The Joys and Tribulations of Home Gardening

An excerpt from William Alexander's book about the joys and tribulations of home gardening.


| September/October 2006


Excerpt from William Alexander's book on home gardening. 

"I want death to find me planting my cabbages."
— Michael Eyquem de Montaigne (1533-1592).
 

I am sitting here, in late September, at my kitchen table, cradling a ripe, heart-size Brandywine tomato in the palm of my hand. A scarce few minutes ago, it was on the vine, a living, growing organism. Now it has brought the warmth of the September noon sun into my chilly kitchen, warming my hand, almost pulsing with life. In a few moments it will be lunch, but I am in no rush to slice into this lovely fruit, the last tomato of the season.

I will miss the fresh tomatoes, the crickety sounds of summer, the lobster rolls eaten on the porch. But I am also relieved that summer is over. Gardening is often thought to be a genteel, relaxing hobby, an activity for the women of the garden club as they dally about in their straw hats, fitting lotioned hands into goatskin gloves, sipping tea under the shade of a magnolia. For me, gardening more often resembles blood sport, a never-ending battle with the weather, insects, deer, groundhogs, weeds, edgy gardeners, incompetent contractors, and the limitations of my own middle-aged body. And it turns out to be a very expensive sport.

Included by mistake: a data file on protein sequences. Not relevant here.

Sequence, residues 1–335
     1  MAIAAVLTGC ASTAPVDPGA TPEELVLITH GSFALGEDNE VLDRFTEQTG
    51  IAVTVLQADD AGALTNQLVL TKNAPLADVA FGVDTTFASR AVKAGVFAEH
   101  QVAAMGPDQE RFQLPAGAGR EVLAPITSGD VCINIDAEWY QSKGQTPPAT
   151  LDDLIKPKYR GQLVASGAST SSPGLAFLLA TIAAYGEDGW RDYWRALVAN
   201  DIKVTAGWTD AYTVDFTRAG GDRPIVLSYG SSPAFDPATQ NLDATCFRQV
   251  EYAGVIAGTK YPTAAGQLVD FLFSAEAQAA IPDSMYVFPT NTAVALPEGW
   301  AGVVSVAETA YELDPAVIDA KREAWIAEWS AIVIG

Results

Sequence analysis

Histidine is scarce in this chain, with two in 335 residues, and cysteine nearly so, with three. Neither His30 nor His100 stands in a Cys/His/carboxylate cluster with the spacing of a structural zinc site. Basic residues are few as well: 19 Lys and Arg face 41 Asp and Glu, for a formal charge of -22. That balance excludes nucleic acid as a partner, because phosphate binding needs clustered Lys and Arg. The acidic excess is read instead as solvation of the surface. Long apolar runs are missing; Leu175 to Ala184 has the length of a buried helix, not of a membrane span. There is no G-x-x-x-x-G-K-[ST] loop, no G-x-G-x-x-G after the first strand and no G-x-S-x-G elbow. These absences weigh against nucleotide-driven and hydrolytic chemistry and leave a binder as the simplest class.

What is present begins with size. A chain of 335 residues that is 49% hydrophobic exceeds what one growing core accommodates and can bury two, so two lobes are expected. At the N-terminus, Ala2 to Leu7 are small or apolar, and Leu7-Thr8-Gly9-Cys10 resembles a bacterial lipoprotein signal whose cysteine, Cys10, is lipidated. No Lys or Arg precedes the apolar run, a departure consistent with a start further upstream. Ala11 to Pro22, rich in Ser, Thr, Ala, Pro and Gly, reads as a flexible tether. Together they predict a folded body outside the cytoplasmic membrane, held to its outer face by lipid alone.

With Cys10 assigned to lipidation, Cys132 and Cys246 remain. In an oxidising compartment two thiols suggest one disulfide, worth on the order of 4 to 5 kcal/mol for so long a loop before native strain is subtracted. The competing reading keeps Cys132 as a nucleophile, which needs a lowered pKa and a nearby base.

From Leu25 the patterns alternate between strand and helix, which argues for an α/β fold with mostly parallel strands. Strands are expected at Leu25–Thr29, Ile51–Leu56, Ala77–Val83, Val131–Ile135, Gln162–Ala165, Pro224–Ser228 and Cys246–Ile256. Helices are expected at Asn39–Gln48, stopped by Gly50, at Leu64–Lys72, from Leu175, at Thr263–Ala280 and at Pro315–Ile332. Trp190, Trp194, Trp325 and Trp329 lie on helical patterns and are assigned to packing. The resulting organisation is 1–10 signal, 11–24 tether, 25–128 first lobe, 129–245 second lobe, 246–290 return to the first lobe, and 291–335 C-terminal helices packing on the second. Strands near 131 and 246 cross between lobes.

So why do I persist with home gardening? I can offer a few reasons.

First and foremost, I do it for the food. Some years ago, for better or worse, I crossed the line from gardener to family farmer, but truthfully, as long as I’ve gardened I’ve been motivated by the food. There really is nothing like a fresh August tomato. The leeks I grow taste more or less like the leeks from the supermarket; ditto the peppers and rhubarb. But a homegrown, vine-ripened tomato is probably more different from the store version than any other crop you can grow. I start salivating in June for a bacon, lettuce and tomato.







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